The Websense ® ThreatSeeker ® Network discovered on June 27, 2012, that one of the most popular travel websites in India, cleartrip.com, was compromised and served malicious code. The website was informed of this breach and no longer serves malicious code. In this blog, we'd like to share our insights about this attack and focus on the tactics that we observed being used. We managed to spot this attack iteration before it became fully active, before malicious files were uploaded to the exploit kits that cleartrip.com was redirected to, and before all the malicious redirection nodes that cleartrip.com led to were active. The tactics that the cyber criminals used show what goes into making a legitimate website's infection less obvious and more difficult for security products to detect. These tactics included the following: Targeting a website's local ad system and masquerading as legitimate ads Manually intervening on a compromised website and preparing multiple domains to ensure redundancy Obfuscating available malicious toolkit redirectors to circumvent detection Using advanced traffic direction system components and masquerading as a legitimate website to remain covert Using exploit kits that serve Java-based exploits only The next image summarizes the infection redirection chain leading to the exploit website as it started from cleartrip: In this section, we'll take a closer look at the tactics we listed above: Tactic 1: Targeting the local ad system and masquerading as part of the legitimate ad chain The attackers seemed to focus on cleartrip.com's local ad system. Having that specific component compromised allowed them to serve malicious code through ads maintained by the website itself. The ad system on cleartrip is a third-party component plugin developed by Openx . Targeting third-party plugins is a very common tactic used to compromise legitimate websites. In this instance, it looks like the attackers gained control of the website's ad system since malicious code was restricted and served from that area only. Other cases of abuse of Openx components through exploitation and serving malicious content are documented throughout the Web. "Malvertizing" is another form of loading malicious code with advertisements. This is when third-party advertisers have their ads or their infrastructure compromised and then having their ads injected and loaded with malicious code. However, in the cleartrip attack, the local ads were served by cleartrip.com itself and not by a third party. By gaining unauthorized access to the Openx advertising component on the website, the attackers succeeded in sabotaging and injecting ads with malicious code. Malicious code loaded by ads is harder to detect because loaded ads usually reside at deeper path levels of the website and the malicious code blends well with the rest of the ad content. In contrast, most compromises we see in the labs tend to have injected code on the main page of a website or through pages that are loaded by the main page of a website. When we checked the IP address of the website of one of the malicious redirectors in this attack, euro-cool.in, we saw that it was hosted on IP address 184.108.40.206. A host report on that IP revealed more websites that have the same purpose and that are part of the attackers' malicious infrastructure (image 2). Some of the websites' names contain "openx," which leads us to surmise that the individual or group behind this attack is purposefully targeting websites that have the Openx plugin. It's evident that the attackers were trying to blend in with legitimate ad traffic and appear to be a legitimate part of the ad chain. If you look at the detailed redirection flow in the set of images below and specifically at steps number 3 and 4, you'll clearly see keywords like "advertisement" and URL patterns that are used by legitimate ad providers, such as this on the malicious redirection stage: /banners.cgi?advert_id=1&banner_id=1&chid=341aa8fca26bcff7830499c1c5f8e359 Tactic 1 summary: By targeting a local website's ad serving component and injecting code into legitimate ads served locally by a website, attackers can more easily evade detection and remain undiscovered. Image 1: The Openx advertising plugin login page Image 2: Websites hosted on 220.127.116.11 (euro-cool.in) Image 3: Detailed redirection flow of the attack Tactic 2: Manually intervening on a compromised website and preparing multiple malicious domains to ensure redundancy The redirection chain we illustrated above led to an active exploit website, however the malware binaries that were downloaded after the successful exploitation were just stubs and didn't do anything malicious at all. It appears that the attackers didn't get a chance to upload their desired malicious files to the exploit website. In addition, the redirection chain illustrated above didn't use the illustrated websites exclusively. For example, in other locations on cleartrip.com, infected ads led to the malicious redirector euro-mary.in, which had the same purpose of euro-cool.in and was served in the same structure as euro-cool.in. But euro-mary.in was a "dead" redirect and didn't redirect to an exploit website. hxxp://euro-mary.in/banners.cgi?advert_id=1&banner_id=1&chid=341aa8fca26bcff7830499c1c5f8e359 euro-mary.in was registered on 2012-06-26 , and we believe that it was registered specifically for this attack but was, fortunately, detected before it became fully active. euro-cool.in was also registered on the same date, 2012-06-26 . The domains were registered by an individual called Roman Inozemtsev which is probably a fake name. Here are more details: Admin Name:Roman Inozemtsev Admin Organization:N/A Admin Street1:R-N TBILISSKIY, UL. TRUDOVAYa D.18 Admin Street2: Admin Street3: Admin City:Tbilisskaya Admin State/Province:Tbilisskiy r-n Admin Postal Code...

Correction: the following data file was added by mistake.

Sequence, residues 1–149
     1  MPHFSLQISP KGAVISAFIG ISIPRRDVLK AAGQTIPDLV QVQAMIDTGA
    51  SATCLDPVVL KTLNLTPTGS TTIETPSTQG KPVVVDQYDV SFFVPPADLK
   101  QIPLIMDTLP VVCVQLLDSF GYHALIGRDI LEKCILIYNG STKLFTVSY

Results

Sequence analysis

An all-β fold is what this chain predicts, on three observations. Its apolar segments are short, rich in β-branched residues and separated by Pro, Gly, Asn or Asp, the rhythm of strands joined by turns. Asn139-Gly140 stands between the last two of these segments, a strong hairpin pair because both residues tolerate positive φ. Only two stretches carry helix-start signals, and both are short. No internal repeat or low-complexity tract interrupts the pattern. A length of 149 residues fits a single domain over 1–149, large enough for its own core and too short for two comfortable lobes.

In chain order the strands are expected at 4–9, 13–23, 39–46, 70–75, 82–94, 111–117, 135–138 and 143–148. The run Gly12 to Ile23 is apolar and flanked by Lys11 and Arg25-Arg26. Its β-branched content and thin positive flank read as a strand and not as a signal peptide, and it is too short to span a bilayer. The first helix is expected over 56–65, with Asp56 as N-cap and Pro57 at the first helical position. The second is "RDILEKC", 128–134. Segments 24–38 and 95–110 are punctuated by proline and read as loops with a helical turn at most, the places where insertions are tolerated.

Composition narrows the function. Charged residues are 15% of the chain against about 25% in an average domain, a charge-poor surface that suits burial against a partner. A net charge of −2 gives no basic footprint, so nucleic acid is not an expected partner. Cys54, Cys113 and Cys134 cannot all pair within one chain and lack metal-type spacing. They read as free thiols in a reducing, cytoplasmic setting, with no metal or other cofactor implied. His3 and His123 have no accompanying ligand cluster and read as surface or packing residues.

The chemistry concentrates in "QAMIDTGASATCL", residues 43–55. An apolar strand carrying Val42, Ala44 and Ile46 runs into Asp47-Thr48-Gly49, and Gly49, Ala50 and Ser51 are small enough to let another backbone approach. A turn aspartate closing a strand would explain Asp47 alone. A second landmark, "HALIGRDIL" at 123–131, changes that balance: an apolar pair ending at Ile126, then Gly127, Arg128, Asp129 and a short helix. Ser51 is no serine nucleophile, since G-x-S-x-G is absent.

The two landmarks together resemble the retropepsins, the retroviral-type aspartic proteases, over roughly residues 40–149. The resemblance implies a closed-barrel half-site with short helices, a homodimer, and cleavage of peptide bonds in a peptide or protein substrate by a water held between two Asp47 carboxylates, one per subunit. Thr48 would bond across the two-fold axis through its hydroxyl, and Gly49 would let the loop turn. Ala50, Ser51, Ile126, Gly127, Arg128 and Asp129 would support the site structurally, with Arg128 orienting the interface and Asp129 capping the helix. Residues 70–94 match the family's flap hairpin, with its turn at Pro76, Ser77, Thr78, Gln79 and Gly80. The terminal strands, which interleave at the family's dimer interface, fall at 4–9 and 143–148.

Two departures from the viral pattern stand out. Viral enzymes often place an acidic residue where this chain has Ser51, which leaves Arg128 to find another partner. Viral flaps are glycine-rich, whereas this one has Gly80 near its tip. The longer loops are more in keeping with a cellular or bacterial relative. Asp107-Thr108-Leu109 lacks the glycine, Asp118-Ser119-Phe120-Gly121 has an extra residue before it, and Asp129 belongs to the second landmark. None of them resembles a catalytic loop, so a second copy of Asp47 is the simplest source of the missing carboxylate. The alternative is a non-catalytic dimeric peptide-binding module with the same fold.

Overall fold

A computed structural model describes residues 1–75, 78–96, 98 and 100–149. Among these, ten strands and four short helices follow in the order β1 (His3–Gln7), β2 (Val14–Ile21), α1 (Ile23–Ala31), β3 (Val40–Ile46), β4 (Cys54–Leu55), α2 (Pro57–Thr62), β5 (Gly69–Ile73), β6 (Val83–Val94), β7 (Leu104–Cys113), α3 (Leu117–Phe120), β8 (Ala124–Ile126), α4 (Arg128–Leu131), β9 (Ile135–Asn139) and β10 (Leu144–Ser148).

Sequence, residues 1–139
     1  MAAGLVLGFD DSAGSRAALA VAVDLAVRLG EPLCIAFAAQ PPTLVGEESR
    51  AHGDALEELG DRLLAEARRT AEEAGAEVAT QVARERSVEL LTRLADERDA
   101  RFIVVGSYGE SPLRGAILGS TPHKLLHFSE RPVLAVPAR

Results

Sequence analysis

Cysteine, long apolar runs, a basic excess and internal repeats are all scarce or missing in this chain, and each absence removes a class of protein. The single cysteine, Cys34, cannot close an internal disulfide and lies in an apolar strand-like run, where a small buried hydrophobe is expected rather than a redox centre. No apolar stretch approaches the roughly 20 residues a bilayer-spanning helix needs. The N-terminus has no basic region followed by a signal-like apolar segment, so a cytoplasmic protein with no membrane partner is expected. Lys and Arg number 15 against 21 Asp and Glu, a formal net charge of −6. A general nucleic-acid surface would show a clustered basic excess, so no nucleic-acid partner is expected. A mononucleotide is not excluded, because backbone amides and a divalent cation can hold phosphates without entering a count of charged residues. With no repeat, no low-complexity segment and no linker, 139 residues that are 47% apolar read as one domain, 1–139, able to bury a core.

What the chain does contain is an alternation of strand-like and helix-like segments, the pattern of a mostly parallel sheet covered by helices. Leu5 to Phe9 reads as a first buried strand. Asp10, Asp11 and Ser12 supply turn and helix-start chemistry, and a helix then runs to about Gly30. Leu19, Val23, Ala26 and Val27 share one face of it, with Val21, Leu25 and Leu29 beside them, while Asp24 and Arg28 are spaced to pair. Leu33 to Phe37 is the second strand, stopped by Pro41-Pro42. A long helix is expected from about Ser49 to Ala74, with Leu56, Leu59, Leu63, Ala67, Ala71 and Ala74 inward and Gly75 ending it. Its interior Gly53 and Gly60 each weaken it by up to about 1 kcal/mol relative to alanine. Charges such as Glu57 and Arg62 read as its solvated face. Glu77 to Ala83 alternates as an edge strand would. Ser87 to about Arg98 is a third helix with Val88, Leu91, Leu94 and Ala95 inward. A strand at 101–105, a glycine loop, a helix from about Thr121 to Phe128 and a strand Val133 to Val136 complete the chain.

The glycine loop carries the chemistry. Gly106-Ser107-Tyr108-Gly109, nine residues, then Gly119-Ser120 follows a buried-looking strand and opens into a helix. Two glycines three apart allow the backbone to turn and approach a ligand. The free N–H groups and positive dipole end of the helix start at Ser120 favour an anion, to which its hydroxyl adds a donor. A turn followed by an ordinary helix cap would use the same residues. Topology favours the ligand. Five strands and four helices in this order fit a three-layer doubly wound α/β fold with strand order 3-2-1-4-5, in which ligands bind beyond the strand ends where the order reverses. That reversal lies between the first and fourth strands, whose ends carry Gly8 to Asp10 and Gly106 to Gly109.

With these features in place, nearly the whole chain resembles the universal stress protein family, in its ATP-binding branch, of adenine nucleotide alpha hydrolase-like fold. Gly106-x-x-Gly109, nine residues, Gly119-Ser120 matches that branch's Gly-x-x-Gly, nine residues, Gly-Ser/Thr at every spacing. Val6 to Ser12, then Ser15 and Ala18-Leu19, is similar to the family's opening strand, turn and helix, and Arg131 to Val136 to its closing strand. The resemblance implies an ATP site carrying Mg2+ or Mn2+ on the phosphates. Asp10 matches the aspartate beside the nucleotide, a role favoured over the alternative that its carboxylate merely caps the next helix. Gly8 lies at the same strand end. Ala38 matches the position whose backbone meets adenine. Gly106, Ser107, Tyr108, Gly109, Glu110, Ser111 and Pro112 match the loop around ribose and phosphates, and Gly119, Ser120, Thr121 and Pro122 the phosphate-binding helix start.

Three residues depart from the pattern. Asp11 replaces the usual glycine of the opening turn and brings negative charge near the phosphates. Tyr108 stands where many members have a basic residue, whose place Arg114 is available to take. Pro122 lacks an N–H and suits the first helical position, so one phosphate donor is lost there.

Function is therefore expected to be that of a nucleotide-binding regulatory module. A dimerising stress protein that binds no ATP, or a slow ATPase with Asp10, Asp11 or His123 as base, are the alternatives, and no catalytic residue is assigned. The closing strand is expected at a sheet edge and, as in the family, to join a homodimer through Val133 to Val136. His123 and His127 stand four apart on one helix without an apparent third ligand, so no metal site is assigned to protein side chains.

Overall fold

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Filed under: Compromise, Analysis, Exploits, Research, Plugins, Java